There are Receivers in the woods
The role of the Receiver is to lie in wait for whatever it is – it, she or he is primed to receive. There is a suggestion of stasis or even of passivity and lack of choice as to what is being received. The automaton “Receiver” has something about it of the lost hermit, a recurrent figure in the work since 2001; like the artist the hermit is positioned inside but always outside society, watchful and reflecting back.
It was the experiences of a voice-hearer whom Adams interviewed – who said hearing voices felt like picking up peoples’ thoughts on the air – that brought about a connection in her imagery between the lone hermit looking heaven-ward and wireless technologies sending out endless streams of information. Now more than ever the ether could be said to hold intelligence that could be life-transforming. While masts call out from the hilltops, satellite dishes reach to the sky like boney believers hungry for a crumb of celestial knowledge. Adams writes:
“I am interested in the locations in which the organic and the mechanical find an uneasy relationship, as a child I remember being slightly terrified of my mother’s old monkey glove puppet made of fur and glass eyes.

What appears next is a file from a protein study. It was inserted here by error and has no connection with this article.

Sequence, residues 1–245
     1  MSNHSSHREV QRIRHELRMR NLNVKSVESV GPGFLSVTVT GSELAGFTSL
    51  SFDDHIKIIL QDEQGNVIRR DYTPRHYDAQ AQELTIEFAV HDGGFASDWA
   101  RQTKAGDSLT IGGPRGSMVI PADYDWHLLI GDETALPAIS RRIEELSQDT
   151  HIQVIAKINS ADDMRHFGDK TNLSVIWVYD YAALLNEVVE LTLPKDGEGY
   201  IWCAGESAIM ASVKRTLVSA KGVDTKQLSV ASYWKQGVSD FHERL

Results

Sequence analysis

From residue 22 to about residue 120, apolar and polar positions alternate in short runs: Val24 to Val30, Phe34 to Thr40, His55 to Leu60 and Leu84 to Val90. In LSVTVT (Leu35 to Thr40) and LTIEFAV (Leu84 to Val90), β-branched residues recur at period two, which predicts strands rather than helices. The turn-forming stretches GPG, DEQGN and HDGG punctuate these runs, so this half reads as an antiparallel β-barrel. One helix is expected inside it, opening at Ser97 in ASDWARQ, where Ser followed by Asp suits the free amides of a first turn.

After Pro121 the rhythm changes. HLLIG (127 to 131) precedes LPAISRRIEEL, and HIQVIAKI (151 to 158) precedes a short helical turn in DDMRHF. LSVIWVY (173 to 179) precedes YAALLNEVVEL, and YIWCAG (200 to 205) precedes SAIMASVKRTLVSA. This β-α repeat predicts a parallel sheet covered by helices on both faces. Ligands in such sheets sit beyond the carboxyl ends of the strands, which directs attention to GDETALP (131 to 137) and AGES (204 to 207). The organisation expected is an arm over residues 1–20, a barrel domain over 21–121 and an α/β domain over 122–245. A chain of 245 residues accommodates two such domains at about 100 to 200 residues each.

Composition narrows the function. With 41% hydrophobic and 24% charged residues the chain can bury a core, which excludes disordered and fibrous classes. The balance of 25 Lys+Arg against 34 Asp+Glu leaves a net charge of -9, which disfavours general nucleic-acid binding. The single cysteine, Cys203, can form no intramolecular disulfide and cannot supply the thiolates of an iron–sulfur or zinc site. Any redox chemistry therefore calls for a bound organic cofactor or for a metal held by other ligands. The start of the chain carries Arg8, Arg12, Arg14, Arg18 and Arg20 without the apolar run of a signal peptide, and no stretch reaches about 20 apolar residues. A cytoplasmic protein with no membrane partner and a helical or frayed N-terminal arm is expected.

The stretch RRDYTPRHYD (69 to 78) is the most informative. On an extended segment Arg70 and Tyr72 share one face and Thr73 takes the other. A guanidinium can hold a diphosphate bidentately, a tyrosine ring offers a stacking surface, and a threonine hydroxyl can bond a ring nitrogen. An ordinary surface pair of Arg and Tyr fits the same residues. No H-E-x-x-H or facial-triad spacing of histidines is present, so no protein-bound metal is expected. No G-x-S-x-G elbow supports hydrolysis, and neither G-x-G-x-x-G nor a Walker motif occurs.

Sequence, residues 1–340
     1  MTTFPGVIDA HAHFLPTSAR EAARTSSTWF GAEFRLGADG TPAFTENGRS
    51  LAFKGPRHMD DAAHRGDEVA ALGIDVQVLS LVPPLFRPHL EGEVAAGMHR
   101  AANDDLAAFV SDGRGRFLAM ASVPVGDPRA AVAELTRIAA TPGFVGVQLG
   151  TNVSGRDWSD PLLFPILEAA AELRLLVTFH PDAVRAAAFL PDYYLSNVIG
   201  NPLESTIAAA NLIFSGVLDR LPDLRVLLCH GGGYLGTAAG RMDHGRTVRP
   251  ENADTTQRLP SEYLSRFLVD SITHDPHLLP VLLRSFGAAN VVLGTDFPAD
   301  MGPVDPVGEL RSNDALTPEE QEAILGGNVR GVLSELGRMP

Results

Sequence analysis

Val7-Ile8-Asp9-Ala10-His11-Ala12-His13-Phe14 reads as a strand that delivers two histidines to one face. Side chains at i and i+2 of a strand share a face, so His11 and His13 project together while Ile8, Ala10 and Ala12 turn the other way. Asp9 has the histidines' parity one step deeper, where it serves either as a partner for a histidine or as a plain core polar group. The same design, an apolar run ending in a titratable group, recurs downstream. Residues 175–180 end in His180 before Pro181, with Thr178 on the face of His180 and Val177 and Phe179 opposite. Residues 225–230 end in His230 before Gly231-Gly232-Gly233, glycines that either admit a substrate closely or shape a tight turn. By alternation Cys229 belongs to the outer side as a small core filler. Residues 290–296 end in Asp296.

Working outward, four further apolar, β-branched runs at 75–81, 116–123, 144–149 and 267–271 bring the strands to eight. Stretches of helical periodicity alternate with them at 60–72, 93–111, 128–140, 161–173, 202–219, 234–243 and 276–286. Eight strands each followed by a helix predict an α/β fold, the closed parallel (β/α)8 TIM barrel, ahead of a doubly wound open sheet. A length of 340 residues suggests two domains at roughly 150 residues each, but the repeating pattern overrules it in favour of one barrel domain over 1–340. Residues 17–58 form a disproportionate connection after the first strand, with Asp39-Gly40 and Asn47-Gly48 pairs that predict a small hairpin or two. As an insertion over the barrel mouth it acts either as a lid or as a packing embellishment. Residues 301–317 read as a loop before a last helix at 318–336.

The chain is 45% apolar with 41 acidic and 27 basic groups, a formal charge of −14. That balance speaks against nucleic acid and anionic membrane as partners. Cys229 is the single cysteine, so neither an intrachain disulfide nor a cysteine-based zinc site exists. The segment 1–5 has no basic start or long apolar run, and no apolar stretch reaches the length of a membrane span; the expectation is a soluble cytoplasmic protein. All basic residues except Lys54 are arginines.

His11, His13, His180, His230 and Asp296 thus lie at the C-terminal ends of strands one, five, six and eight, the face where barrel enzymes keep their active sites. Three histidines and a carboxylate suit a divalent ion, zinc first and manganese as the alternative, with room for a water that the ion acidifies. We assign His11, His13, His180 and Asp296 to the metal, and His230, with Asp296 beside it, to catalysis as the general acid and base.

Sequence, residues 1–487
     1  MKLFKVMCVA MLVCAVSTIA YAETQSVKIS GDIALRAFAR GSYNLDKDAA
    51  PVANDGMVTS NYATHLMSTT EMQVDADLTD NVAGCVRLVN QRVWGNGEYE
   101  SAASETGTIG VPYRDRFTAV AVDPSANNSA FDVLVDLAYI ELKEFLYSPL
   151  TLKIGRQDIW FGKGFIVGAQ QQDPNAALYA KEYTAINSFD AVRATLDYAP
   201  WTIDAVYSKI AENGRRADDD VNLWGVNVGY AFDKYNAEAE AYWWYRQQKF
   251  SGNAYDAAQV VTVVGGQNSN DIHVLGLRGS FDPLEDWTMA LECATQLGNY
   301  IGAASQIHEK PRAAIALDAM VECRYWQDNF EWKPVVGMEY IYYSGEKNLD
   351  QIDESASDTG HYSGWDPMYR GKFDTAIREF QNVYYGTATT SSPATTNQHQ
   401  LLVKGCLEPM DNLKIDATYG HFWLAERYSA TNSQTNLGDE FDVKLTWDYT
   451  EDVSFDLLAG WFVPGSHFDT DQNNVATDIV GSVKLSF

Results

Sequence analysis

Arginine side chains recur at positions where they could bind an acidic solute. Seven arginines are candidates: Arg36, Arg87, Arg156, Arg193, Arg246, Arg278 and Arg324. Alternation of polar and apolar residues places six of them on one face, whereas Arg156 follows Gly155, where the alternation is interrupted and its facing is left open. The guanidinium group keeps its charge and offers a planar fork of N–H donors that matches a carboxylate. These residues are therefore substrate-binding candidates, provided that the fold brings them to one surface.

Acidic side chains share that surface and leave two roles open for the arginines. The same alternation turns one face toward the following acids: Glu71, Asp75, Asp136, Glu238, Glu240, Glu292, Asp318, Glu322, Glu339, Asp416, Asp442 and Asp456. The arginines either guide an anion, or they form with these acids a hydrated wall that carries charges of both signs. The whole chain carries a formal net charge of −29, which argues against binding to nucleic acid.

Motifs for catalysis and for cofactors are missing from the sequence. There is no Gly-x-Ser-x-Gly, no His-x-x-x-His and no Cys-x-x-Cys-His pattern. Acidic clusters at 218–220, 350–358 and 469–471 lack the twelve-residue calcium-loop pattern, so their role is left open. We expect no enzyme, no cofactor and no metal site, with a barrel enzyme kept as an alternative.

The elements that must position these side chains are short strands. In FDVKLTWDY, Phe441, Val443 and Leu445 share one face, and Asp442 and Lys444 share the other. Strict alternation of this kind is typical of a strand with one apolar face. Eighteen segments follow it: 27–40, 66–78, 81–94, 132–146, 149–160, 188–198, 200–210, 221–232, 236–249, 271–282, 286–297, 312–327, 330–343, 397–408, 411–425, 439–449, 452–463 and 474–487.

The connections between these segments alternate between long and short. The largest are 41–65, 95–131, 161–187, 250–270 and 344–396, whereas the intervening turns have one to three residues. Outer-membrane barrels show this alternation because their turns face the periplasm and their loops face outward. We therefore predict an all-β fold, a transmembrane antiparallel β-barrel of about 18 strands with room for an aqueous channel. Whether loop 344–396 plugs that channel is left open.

Becoming machine is something we may all be fearful of, loving technology that is cleverer than us as we do. Another delicious childhood anxiety of mine was the 1970s science fiction tv drama “The Changes” in which an ancient god uses pylons to broadcast directly into people’s minds the necessity to smash up all machines. On the other hand in George Orwell’s 1984 while the two main characters believe they have found complete freedom to explore each-other’s bodies in the wild woodland, that is where they are most likely to be under technological surveillance.”
The exhibition is supported by an Art Council of Wales Creative Wales Award and a Chance to Create Award funded by the Rural Development Plan for Wales 2007 – 2013 which is financed by the European Union and the Welsh Assembly Government.